Regards, Mari


Dear Mari, O dear, dear Mari,

The solution to your dilemma was staring you in the face the whole time you were at this site when you sent me your email posted above! At both the top and bottom of every page on this site, you'll see conspicuous parts search boxes where you can enter a model number, part number, type of appliance, brand, or even a part description. There's even one right here in this blog at the top of the right-hand column!

In your case, you already knew not just the model number of your refrigerator, but the part numbers for the ADC board, too. If you paste in each of the part numbers you were wondering about, 61003990 and 61005988, one at a time into the parts search box, you'll see that they both resolve to the same part number: 61005988.

Here's the replacement ADC board you need for your Jenn-Air fridge:

ADC Board

Posted Image

I can't emphasize enough what a powerful tool the parts search boxes are at this site!

Now for the question about where to buy the part. You also mentioned buying generic parts. One word of advice on buying generic parts: DON'T! I explain why in this issue of our award-winning newsletter, Appliantology: The Oracle of Appliance Enlightenment.

BTW, if you're not a subscriber to our newsletter, Appliantology, you're missing out! Every issue is jam-packed with Special Samurai Secrets ™ for saving money, life, and limb with your appliances. Taunt your friends and delight your enemies with your amazing new knowledge! And best of all, it's FREE! Subscribe to Appliantology today.

Another thing to keep in mind is that all parts purchased through this website carry a one year no-hassle return policy, even electrical parts that have been installed! It's insane!

Also, when you buy parts through the links and search boxes on this site, a small percentage of your purchase goes to supporting this website without costing you one penny more for the parts you order. So, if you’re going to order appliance parts anyway, how ’bout using the links on this website to ensure that the Samurai will be here the next time you need appliance repair help? Can I hear an "Amen?"


Fixite Do: The Ancient Martial Art of Appliance Repair

appliance service, fixite do and 1 more...
Most folks think of appliance repair as just another one of the technical trades, like a plumber or electrician. And, it’s true, there are those who practice appliance repair as merely a trade. But did you know that appliance repair is actually an ancient martial art, older than Kung Fu, Karate Do, and Tae Kwon Do all put together? Yes, my leetle Grasshoppers, I shi’ite you not. The ancient martial art of appliance repair is called Fixite Do (pronounced “fixi-tay do”). According to archeological records, Fixite Do originated in Lower Slabovia sometime during the Fermentecean era, which began right after the Jurassic era. You may be interested to know that Samurai Appliance Repair Man is a fully trained and certifiable master in the ancient appliance repair martial art of Fixite Do. The picture below is an actual live shot of the Samurai applying his art:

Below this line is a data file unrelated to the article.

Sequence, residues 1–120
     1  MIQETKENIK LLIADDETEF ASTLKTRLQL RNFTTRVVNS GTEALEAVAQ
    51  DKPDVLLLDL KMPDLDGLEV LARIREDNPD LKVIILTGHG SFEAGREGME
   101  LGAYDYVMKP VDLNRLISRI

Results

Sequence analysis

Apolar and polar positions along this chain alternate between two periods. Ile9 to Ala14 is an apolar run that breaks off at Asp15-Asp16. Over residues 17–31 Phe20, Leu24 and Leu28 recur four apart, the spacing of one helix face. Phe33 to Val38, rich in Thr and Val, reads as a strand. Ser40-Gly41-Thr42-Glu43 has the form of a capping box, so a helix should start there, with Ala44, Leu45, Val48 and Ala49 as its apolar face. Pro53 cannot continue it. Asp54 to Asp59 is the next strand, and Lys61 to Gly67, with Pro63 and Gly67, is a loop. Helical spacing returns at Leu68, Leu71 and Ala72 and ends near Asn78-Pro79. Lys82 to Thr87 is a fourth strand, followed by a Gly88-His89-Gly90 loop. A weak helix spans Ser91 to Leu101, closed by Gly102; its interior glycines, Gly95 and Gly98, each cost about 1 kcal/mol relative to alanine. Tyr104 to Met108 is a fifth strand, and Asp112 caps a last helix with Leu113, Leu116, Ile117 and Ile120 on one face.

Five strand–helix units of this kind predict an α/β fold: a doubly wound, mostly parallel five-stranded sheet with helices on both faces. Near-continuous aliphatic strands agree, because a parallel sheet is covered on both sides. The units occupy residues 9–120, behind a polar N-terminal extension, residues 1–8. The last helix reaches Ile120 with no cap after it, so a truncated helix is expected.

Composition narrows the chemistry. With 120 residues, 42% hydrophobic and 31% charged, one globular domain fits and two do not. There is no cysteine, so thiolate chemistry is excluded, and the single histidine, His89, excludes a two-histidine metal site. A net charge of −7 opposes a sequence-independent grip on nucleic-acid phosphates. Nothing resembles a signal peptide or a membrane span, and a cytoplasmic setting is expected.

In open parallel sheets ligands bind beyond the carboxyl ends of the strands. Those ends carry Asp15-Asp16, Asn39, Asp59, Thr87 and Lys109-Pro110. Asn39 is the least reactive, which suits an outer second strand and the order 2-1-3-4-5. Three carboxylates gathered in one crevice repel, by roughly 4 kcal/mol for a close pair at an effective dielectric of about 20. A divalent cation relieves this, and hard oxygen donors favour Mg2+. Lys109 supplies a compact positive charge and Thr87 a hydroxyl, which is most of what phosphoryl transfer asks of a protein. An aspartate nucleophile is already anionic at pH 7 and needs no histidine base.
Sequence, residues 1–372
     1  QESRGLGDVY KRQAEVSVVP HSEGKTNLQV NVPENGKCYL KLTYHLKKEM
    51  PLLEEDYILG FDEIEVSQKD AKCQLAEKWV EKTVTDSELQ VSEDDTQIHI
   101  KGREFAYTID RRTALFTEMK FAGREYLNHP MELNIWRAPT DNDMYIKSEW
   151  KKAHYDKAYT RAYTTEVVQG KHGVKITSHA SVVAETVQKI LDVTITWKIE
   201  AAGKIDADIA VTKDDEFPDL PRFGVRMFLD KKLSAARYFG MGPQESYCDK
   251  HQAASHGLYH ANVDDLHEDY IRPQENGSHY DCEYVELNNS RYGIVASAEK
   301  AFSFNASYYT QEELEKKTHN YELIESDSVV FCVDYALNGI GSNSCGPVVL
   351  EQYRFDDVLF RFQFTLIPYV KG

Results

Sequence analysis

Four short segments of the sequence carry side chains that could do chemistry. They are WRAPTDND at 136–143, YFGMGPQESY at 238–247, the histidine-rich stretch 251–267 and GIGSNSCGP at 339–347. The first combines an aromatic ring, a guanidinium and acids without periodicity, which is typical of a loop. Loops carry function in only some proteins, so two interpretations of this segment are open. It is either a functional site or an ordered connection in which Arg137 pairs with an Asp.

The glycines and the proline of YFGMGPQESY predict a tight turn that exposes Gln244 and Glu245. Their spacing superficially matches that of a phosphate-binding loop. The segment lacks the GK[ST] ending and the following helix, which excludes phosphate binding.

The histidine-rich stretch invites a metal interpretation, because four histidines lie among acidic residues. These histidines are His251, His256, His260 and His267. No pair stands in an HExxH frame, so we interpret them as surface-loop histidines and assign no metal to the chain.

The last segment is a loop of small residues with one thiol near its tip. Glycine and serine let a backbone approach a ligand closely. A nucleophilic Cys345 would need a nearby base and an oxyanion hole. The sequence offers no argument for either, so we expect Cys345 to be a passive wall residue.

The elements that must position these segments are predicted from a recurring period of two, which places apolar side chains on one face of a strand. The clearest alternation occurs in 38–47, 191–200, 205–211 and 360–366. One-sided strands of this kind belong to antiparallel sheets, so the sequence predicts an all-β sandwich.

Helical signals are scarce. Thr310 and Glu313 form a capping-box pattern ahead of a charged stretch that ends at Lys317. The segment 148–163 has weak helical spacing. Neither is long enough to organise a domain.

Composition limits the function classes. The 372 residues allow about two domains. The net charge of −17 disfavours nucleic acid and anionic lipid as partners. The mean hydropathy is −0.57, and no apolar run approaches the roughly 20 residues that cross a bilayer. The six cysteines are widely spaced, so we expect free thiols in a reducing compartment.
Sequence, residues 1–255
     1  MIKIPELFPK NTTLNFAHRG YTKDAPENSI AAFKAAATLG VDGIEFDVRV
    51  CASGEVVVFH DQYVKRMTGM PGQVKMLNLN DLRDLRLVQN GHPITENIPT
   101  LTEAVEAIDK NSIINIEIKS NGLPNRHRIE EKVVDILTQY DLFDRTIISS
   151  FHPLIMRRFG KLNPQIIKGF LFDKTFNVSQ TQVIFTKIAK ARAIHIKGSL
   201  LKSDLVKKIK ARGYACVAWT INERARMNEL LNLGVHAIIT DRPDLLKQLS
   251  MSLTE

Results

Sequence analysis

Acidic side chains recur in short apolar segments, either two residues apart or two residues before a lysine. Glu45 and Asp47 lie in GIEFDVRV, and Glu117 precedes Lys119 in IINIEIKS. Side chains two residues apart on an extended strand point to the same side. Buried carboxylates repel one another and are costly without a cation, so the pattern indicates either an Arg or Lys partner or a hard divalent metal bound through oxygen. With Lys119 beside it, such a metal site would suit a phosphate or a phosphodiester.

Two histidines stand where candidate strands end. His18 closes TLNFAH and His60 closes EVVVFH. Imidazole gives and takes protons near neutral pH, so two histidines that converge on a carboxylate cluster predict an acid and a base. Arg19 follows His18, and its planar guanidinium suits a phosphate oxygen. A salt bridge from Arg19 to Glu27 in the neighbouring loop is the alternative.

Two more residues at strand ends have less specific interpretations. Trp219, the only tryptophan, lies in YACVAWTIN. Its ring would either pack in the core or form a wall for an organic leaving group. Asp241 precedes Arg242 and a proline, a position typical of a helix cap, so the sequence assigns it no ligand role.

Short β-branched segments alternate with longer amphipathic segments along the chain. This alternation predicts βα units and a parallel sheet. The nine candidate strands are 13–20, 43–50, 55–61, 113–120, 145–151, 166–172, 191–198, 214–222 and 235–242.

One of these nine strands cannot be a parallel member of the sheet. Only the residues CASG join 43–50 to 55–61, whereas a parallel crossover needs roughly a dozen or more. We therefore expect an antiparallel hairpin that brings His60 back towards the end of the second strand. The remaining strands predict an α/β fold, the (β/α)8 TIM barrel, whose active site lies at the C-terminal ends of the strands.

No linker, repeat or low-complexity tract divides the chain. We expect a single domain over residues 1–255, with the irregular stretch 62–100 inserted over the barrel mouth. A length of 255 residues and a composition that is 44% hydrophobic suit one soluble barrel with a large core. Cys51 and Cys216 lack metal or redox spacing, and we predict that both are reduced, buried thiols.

Posted Image

The Samurai Demonstrates Fixite Do


Samurai's 12 Laws of Appliance Repair

12 laws, Samurais Laws
Samurai's Ichiban Law of Appliance Repair: Never replace a part unless you have proof that the part is bad.

This distinguishes the Samurai School of Appliantology from the Monkey Boy School of Appliance Repair. When I replace an appliance part, it's because I have proven that the part is bad. This proof could be something subtle, like an electrical measurement, or something simple, like laying eyeballs on a burned wire connection. It could be direct, meaning the part is getting proper input but not giving proper output. Or it could be indirect, meaning that all other parts involved in the problem check out good so it's the bad part by process of elimination. This latter technique is more prevalent in the newer appliances with electronic boards where the manufacturer either doesn't give enough information about the board's inputs and outputs or the information/schematics it does supply are wrong.

Samurai's 2nd Law of Appliance Repair: All machines break.

I don't care how much you paid, who made it, or what the salesperson told you, appliances are just another type of machine. And all machines, like everything else in the physical world (including our bodies) tend inexorably toward entropy, i.e., they wear out and breakdown. The corollary to the 2nd Law is to buy appliances that are easy to repair because, at some point during its useful life, you will be repairing it. Speaking of useful life, how long should appliances last?

Samurai's 3rd Law of Appliance Repair: Measure twice, order once.

Ok, you've diligently observed Samurai's Ichiban Law of Appliance Repair and have proven that a part is bad based on some type of objective observation. If this observation involved making an electrical measurement, such as voltage, current, or resistance, then make that measurement TWICE just to be doubly-woubly sure that you didn't make a mistake. Common mistakes in making electrical measurements include not making good contact with your probe and not removing at least one wire from the component before making a continuity or resistance measurement.

Samurai's 4th Law of Appliance Repair: Beliefs are for religion, not appliance repair.

In appliance repair, we use test instruments to quantify the problem and draw definitive conclusions about cause and effect. Hope, beliefs, and wishful thinking don't get stuff fixed, unless it's by pure, blind luck.

Samurai's 5th Law of Appliance Repair: Electronics and wet appliances do not mix.